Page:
The Orient's Beth Kowitt interviewed Stefanie Pemper, head coach of the Bowdoin Women's Basketball Team, about her record-breaking season.

Orient: Going into the season did you have any idea how far the team would go?

Stefanie Pemper: I had no idea; I never make predictions, even in my own mind. I have too much respect for the process. I knew if the players worked hard, trusted my leadership, and exhibited their own leadership, we had a great chance to win NESCACs and compete with anyone in the NCAA tournament.

It was a question of who would step-up offensively in particular to help Lora. Could we keep morale high? And could we stay focused and healthy? The two factors no one could have predicted were Justine Pouravelis's emergence as a defensive player and someone who gave us a lot of confidence, and Eileen Flaherty's determination and poise.

O: Which moment from this season stands out the most in your mind?

SP: Our Elite Eight win over Scranton. That's the kind of basketball this team is capable of playing, and the kind of confidence it's capable of.

There were a lot of smiles in the second half, even from me much as I tried to fight them. To perform at that level after an emotional win over Southern Maine the night before was just special. I have vivid memories of plays people made, of the team celebrating at the end of the game, of cutting the nets, and of hugging the seniors in particular and not wanting to let go.

Plus, I really felt the love from our fans that day and that they appreciated everything it took all season long to get to that point and finally experience the Final Four.

O: What was the biggest struggle?

SP: There really weren't any struggles by conventional definition. There was such great leadership within the team that even when we hit minor obstacles we responded well and very quickly.

One of our biggest challenges has always been having more people play with confidence and not take a back seat to anyone and having more people, in the two hours they spend at practice, believe they can be better and be determined to be better. We still have room to grow in that area.

O: What made this team so special?

SP: Being so successful with the bull's-eye on our backs. Winning four NESCAC championships in a row is incredible. Being number one in the country the entire year and losing in the national championship game is incredible.

Not only do good teams bring their best to beat you, but it's so difficult to stay disciplined and to keep trying to improve. It's also hard not to run yourself into the ground and to figure out the appropriate amount of pleasure and appreciation you should feel without losing focus.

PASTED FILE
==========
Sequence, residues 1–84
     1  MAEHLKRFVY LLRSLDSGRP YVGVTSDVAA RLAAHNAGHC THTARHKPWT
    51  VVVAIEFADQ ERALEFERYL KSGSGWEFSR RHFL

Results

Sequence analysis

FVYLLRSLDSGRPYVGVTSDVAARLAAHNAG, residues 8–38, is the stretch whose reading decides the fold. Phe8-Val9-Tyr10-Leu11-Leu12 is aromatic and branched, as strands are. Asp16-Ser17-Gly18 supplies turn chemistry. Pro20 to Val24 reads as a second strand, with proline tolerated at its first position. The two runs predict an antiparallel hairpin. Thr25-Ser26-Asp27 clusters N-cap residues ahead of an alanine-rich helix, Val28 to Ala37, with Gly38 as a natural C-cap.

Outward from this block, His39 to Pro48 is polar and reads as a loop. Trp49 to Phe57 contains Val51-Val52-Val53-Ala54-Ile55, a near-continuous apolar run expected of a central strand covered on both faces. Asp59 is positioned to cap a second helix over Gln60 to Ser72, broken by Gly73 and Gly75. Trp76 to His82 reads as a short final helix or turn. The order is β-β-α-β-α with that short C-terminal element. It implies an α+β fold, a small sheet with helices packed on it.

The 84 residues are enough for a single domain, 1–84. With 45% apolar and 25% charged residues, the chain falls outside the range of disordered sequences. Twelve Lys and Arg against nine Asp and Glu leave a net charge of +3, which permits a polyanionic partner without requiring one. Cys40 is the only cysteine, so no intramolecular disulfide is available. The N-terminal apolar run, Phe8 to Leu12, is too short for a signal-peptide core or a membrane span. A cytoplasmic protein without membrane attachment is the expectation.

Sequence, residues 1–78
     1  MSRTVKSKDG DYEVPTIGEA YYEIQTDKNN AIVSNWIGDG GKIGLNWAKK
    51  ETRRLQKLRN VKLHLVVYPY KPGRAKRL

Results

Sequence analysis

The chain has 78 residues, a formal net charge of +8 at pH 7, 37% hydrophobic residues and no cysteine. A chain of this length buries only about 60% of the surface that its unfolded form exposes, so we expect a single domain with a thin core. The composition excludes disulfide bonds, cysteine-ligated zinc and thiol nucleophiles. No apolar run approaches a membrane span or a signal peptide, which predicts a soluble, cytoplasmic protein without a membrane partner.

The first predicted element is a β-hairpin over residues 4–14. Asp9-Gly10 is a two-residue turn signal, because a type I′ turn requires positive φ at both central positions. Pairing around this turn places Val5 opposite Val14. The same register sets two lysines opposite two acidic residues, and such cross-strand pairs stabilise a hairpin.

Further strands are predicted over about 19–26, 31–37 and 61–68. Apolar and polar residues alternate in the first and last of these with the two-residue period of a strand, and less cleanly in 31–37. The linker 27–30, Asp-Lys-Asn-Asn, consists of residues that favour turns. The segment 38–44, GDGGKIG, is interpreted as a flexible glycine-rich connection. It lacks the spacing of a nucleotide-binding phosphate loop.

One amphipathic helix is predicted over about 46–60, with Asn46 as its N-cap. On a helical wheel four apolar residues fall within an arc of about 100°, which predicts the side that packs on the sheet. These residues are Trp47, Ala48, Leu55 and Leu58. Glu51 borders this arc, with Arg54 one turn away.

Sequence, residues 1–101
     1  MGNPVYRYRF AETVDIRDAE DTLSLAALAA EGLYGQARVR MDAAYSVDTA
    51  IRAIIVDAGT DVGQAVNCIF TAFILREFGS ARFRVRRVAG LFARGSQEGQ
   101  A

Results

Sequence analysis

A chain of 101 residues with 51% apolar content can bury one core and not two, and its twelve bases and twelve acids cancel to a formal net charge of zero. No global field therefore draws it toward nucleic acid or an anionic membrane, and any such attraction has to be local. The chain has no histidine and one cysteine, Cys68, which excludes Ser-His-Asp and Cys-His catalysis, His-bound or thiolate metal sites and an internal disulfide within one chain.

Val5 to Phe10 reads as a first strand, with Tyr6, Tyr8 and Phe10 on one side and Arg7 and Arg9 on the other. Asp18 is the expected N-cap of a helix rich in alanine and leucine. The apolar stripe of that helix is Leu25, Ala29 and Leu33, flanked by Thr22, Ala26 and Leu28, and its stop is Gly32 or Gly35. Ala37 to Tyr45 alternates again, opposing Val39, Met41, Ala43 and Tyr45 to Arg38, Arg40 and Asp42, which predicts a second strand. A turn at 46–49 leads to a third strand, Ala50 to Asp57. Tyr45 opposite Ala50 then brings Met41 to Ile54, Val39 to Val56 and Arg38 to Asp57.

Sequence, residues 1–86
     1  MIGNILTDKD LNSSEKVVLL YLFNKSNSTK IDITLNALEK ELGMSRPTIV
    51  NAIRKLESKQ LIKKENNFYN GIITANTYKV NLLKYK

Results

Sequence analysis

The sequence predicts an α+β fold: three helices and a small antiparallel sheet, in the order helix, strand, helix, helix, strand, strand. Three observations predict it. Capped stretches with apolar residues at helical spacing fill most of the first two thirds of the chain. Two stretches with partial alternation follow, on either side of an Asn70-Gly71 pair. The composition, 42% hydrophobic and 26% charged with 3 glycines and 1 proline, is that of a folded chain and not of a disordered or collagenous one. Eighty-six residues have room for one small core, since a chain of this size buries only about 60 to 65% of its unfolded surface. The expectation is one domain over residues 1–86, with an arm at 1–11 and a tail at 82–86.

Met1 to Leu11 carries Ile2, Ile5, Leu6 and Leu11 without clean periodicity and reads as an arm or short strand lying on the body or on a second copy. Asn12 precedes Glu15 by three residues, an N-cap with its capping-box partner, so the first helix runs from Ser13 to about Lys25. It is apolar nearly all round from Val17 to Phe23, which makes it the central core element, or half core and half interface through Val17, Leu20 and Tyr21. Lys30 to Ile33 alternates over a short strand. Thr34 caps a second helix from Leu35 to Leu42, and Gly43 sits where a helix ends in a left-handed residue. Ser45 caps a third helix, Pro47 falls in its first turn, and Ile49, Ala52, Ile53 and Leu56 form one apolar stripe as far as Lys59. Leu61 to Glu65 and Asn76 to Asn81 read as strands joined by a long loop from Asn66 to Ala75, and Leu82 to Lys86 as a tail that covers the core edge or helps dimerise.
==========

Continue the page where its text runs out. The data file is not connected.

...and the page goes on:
I remember in December talking to a coaching friend and lamenting that the hardest part of coaching a successful team isn't staying on track but figuring out how to enjoy the experience. These are young women that a minute after you make them run a sprint for not achieving a goal you want to hug them or laugh with them.

Seeing individuals grow was very fulfilling, as was seeing them experience individual success on the court. But I guess what made this team the most special was the camaraderie and how they just pulled out so many big wins.

O: Have you started thinking about next year?

SP: Absolutely. I need some time off, not from the kids or the game, but from the grind, and I'll get that. I'm thrilled about next year; we'll have a lot of talent again, and a great group of young women. I'm excited to see who works hard in the off-season and who is determined to step up next year.

When I was a college player, I was always excited about the next season and that hasn't changed. In between my junior/senior year we graduated seven seniors, four of whom started, but all I could think about all spring and summer was the new players coming in, the new challenges, and how good we could be. I've always been an optimist.

O: What are you plans for the offseason?

SP: To relax, support the spring teams, get started on recruiting, visit Angus King's leadership course, and try to find new things to enjoy. I'll make a trip to Mexico to visit a friend who's having a baby and a trip to the West Coast to see family and maybe visit the training camp of a couple WNBA teams.

O: How is the team dynamic going to change with the loss of this year's seniors?

SP: Well, the locker room will be a lot less stinky, that's for sure. It also may be a bit quieter as those five were always running their mouths about something.

As I said at our senior day dinner, the Class of '04 had pride in our program before there were many tangible things to be proud of. They carried themselves with confidence and class. This year in particular they exuded a ton of integrity, positive energy, and respect for what we were trying to do.

The analogy I'll make is they always had their sleeves rolled up; I honestly don't think they took a lunch break. Lora Trenkle and Courtney Trotta were as good as it gets in terms of captain leadership-two very special young women. All the qualities the Class of '04 possessed are in the underclass players, every single one, and it'll be exciting to see how next year's team comes together.